Xin Li has strong feelings about driving in heavy traffic around Cincinnati.
"Personally, I hate driving actually. I know some people love driving. But, I hate driving," Li said. "When I go back home, we're always stuck in traffic."
So Li is playing a pivotal role in new research at the University of Cincinnati that he thinks could make human driving optional. He's one of a 10-member research team at UC that's working to answer the question: Can cars safely drive without a human being behind the wheel?
Researchers at the University of Cincinnati have an autonomous vehicle they are working to program with enough data to answer that question. The vehicle, customized by Illinois-based Autonomoustuff, arrived at UC about four months ago. It also will be used as part of a new $7.5 million federal Department of Transportation grant awarded to Ohio to study driverless cars on state roadways. In addition to UC, Ohio State University and Ohio University are research participants.
"This is basically our daily job now. We keep on enhancing the software, making sure the vehicle can complete different maneuvers," said Dr. Jiaqi Ma, academic director of the Greater Cincinnati Advanced Transportation Collaborative within the UC Office of Research.
Ma is heading the driverless car research at UC. His team is working to develop the necessary algorithms and perception software. It's basically artificial intelligence and it's extremely high tech work taking place in a parking lot and garage housing the car near the university campus.
"For most of the time we are testing the functionality in this parking lot," Ma said. "And, we have been mapping the entire parking lot to be able to do different maneuvers."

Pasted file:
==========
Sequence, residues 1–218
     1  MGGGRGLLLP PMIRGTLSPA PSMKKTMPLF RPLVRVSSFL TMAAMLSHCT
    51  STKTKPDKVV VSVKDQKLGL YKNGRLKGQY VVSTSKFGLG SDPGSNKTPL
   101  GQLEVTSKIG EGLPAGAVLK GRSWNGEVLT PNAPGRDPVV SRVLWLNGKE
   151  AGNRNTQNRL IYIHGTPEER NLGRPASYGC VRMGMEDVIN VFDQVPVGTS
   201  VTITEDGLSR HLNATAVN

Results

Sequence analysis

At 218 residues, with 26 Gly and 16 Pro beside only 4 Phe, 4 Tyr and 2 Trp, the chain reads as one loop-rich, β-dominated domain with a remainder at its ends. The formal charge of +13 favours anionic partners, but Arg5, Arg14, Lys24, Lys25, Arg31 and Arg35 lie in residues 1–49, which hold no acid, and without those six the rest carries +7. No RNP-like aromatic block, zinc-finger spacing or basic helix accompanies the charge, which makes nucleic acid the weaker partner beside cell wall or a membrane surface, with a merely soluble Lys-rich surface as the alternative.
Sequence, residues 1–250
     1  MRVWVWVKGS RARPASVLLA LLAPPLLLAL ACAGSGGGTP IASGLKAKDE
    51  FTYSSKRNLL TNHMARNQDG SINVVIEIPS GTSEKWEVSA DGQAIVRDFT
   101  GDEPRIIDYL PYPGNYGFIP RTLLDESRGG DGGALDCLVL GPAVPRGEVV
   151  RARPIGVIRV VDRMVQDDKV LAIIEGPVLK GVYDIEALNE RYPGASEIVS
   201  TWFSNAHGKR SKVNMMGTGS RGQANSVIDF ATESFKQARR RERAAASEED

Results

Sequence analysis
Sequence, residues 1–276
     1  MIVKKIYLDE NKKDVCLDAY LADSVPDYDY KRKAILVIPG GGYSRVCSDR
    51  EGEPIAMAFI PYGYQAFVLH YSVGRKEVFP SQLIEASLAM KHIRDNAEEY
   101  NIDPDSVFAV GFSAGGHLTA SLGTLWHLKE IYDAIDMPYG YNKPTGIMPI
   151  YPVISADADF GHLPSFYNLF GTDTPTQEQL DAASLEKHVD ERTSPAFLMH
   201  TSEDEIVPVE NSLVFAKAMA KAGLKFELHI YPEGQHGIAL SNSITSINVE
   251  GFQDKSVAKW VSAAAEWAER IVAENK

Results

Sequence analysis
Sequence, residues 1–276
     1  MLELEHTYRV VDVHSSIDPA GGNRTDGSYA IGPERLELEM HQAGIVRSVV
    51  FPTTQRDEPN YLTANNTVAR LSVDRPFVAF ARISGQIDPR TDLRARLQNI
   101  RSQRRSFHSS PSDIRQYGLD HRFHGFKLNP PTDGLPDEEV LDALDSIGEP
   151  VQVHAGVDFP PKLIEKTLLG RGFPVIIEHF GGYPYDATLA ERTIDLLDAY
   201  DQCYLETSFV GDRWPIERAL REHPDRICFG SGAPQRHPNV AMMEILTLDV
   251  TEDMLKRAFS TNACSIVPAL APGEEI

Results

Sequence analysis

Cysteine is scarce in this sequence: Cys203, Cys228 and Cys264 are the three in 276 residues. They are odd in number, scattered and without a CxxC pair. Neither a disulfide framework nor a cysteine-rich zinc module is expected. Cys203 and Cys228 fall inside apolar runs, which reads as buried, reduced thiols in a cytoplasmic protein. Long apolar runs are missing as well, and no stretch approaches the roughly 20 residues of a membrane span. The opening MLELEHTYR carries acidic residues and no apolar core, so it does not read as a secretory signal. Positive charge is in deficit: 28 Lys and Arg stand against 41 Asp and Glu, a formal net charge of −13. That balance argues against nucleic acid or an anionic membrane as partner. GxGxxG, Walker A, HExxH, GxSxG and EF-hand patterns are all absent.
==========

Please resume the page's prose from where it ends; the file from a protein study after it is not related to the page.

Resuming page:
UC is leading the work to develop the passenger vehicle software systems and data analytics.
"We'll collect data to see how safe these technologies are and what kind of improvement we can do to improve the safety of these (automated driving software) systems," he said.
If you happen to see the vehicle driving down the road in Cincinnati, it will likely be collecting data. But it certainly looks like nothing else on local roads today. Mainly, there's a large triangular structure on the hood of the car with a cylinder-shaped sensor. That's a lidar device, which uses light to gather data on the distances of surrounding objects. The vehicle is also equipped with radar, cameras and GPS sensors.
"So, this vehicle will be able to perceive the surrounding environment and then we are writing software to make sure the vehicle will take those data they perceive using the sensors and make decisions on how the vehicle will move," Ma said.
The idea is for the vehicle to drive safely, abide by traffic laws and avoid collisions. Object detection and object avoidance are key to the research. If it works, it could have a number of applications, including multi-passenger vehicles. UC will also study driverless shuttles. Ma said they may purchase a second 10 or 12-seat vehicle within the next year. He said studying the driverless shuttle could possibly focus on areas like Uptown and the Cincinnati/Northern Kentucky International Airport to help transport DHL and future Amazon workers.
"We're talking about routes with different stops at these office buildings and this shuttle will run autonomously between these buildings to pick up and deliver passengers," Ma said.
The federal grant will finance a four-year study. But Ma believes this research will be ongoing, basically because the software will constantly have to be improved and updated.
Meanwhile, Li thinks once more of these cars become available for consumers, even drivers who don't want self-driving vehicles will see the impact of their research. A major component will be for cars to communicate with other cars and continue to collect information on its surroundings.
"I'm pretty sure it's actually going to work better than the human driver, because human driver are driven by, like emotions," said Li. "No matter whether you walk or drive by yourself or let the car drive, it's still going to help you avoid a lot of troubles."